Its not quite like the saying, “its not what you know, its who you know”< but its not that far off either. You’re not looking to grease your way up the pole and stitch up everyone around you, mercilessly sleeping your way to the top, selling your grandma for a new gig. But yeah it still happens in abandon. Their are still a lot of people around you who will always be looking for an angle, and this clearly, isn’t a way to forge a long term friendship that will sit alongside you during your career.

You just need to realise this is a long term investment of your passion and creative juices. Its healthy and indeed sensible to help out people alongside you.As much as the next person can be seen as a potential competitor, their also your greatest allies too. When you are working on any project, for whatever team, despite the demands, the questionable way your spoken to, you need to keep calm and learn these people.

Everyone has their own language within their spoken language. Be respectful and patient with each and every person. When you are awesome to work with, easy to talk to and you know how to do your job, you are someone who is then instantly recommendable to others.

In the exact same way you wish your facebook and Linked in accounts to function, you have to actually do this in REAL LIFE. Not just hope some form of seven degrees of social networking separation will one day see you sat in front of Chris Nolan chatting about the free form score you’re allowed to write with a budget the size of a manor house.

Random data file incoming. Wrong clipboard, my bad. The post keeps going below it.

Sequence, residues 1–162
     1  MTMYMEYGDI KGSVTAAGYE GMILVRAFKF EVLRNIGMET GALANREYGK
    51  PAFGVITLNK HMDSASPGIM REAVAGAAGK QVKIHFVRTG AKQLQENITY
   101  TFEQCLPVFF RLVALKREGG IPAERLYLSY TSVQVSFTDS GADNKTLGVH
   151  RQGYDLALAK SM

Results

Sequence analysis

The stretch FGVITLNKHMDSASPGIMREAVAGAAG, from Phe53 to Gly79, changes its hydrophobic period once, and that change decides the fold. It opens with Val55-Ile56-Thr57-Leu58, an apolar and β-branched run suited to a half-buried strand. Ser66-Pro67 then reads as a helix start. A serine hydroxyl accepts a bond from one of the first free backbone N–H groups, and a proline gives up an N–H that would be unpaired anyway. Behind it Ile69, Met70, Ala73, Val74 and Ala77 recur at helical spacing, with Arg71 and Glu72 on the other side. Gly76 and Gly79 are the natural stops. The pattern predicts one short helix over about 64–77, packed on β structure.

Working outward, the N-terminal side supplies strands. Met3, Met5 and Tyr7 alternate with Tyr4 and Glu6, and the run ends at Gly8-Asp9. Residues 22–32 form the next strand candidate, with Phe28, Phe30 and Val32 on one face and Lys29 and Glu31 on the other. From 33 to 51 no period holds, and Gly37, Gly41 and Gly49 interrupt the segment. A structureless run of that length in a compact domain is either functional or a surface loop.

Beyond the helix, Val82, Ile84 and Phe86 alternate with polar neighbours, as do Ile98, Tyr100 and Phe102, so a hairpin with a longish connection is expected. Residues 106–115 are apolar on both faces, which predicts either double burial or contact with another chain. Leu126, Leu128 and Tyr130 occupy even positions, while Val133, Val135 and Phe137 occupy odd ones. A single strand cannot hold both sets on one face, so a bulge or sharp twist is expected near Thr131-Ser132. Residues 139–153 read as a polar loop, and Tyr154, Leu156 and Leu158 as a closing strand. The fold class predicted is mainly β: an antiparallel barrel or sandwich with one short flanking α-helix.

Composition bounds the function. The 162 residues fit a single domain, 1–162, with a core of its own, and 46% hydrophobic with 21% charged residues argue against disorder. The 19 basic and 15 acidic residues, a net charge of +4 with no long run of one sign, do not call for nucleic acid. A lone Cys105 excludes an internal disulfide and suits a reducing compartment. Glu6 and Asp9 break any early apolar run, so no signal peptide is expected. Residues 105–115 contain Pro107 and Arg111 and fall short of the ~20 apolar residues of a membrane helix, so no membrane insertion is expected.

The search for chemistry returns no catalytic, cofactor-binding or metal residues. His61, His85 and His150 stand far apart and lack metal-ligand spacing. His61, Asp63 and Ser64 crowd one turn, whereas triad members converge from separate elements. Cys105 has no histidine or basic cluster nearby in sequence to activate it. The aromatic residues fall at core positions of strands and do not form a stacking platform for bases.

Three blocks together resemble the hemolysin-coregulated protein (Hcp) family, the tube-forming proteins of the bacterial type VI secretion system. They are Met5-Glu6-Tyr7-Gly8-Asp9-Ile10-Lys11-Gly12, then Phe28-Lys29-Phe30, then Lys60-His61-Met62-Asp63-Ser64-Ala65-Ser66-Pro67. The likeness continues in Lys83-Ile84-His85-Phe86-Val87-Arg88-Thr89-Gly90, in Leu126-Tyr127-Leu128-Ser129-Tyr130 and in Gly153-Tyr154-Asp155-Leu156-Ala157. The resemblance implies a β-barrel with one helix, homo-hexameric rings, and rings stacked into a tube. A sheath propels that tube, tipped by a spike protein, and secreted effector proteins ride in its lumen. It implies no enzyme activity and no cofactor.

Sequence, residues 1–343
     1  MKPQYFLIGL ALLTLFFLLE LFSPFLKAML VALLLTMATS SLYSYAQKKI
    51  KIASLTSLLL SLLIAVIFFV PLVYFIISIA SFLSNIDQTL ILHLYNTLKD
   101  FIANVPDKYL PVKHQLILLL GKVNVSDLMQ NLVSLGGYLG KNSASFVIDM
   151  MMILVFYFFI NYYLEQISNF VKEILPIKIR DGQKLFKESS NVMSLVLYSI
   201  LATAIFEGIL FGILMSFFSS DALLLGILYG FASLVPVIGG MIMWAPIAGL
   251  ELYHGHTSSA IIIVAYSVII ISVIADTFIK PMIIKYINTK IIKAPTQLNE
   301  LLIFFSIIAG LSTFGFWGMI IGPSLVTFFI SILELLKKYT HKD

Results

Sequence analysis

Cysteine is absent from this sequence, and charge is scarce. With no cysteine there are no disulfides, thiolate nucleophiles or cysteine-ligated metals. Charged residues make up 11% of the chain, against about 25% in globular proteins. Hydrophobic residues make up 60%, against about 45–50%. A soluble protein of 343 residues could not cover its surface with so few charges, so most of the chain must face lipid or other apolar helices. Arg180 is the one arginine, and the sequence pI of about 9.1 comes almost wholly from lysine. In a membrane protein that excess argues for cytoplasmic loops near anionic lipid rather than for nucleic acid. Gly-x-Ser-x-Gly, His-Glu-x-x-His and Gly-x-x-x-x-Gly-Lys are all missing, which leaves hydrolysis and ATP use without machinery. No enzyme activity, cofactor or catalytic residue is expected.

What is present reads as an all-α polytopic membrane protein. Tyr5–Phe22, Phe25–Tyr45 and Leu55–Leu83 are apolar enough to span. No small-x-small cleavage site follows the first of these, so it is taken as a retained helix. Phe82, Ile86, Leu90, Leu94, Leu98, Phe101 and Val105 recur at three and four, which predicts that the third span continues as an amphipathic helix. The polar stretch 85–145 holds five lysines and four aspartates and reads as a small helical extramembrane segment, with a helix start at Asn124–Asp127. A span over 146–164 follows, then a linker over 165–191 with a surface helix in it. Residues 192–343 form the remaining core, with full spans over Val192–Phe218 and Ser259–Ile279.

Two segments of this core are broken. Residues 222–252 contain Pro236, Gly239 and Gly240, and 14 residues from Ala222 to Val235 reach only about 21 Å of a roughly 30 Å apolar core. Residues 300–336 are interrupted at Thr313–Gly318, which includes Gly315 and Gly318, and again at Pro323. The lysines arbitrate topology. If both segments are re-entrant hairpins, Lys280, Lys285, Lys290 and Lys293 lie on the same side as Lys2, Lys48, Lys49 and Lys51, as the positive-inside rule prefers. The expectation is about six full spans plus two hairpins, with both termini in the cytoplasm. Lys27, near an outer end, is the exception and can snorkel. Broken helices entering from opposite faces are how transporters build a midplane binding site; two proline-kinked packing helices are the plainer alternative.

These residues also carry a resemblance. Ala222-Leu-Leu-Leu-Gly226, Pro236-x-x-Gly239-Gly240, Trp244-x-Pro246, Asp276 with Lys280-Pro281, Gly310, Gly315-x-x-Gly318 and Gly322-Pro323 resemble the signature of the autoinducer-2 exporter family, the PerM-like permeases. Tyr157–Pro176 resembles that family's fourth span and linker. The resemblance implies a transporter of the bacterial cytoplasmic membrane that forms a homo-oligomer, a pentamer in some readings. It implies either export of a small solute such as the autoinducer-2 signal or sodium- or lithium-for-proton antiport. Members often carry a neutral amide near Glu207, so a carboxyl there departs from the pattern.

Be a nice guy to be around. Short version, dont be a dick.

Recharge and Reboot.

It sounds simple doesn’t it, when you are in fulltime employment and feel like life and work are getting the upper hand, you book a 2 week break and fill your time with excess, booze and lazy sun filled days to recharge. Or you might disappear on a sole Scandinavian tour, camera in hand and a glass of red every evening etc, but as you will soon discover, being a sole trader or in charge of your own small company, taking a break and finding time and money for this, are a lot harder.

Their really isn’t a fool proof guide on how to do this and in my honest opinion you wont find one. The reality is, a fulltime job composing means you have to be creative not just writing, but you have to be crafty at carving out time to reboot. And even if you are telling yourself you are tougher, harder than others, try and tell yourself this after a year or so. Its not practical to believe you can function at 100% if you never allow yourself to gather.

But yes, you need some smarts on how to plan this. Your losing money when you’re not making money. Simple as that, but as several dear friends and relatives said to me, and all of them are now sadly passed away, you only get one shot at all of this. To say that old saying has a myriad of parallels for your career and life, is a huge understatement. Despite what you see as immediate cost to you, the payment will be far greater if say, in 18 months onwards, you cannot bring yourself to write a damn note of music and the other half has packed her bags because music is all you care about.

Long term survival is so many life skills you already have under your belt. You’re not reinventing the wheel that turns inside you, but you are reengaging with these life mechanisms, the understanding. Its exciting doing this for a living, that much i can say with not a cynical pause for comment! but doing anything long term quickly becomes a “Desert island” moment if you dont adapt.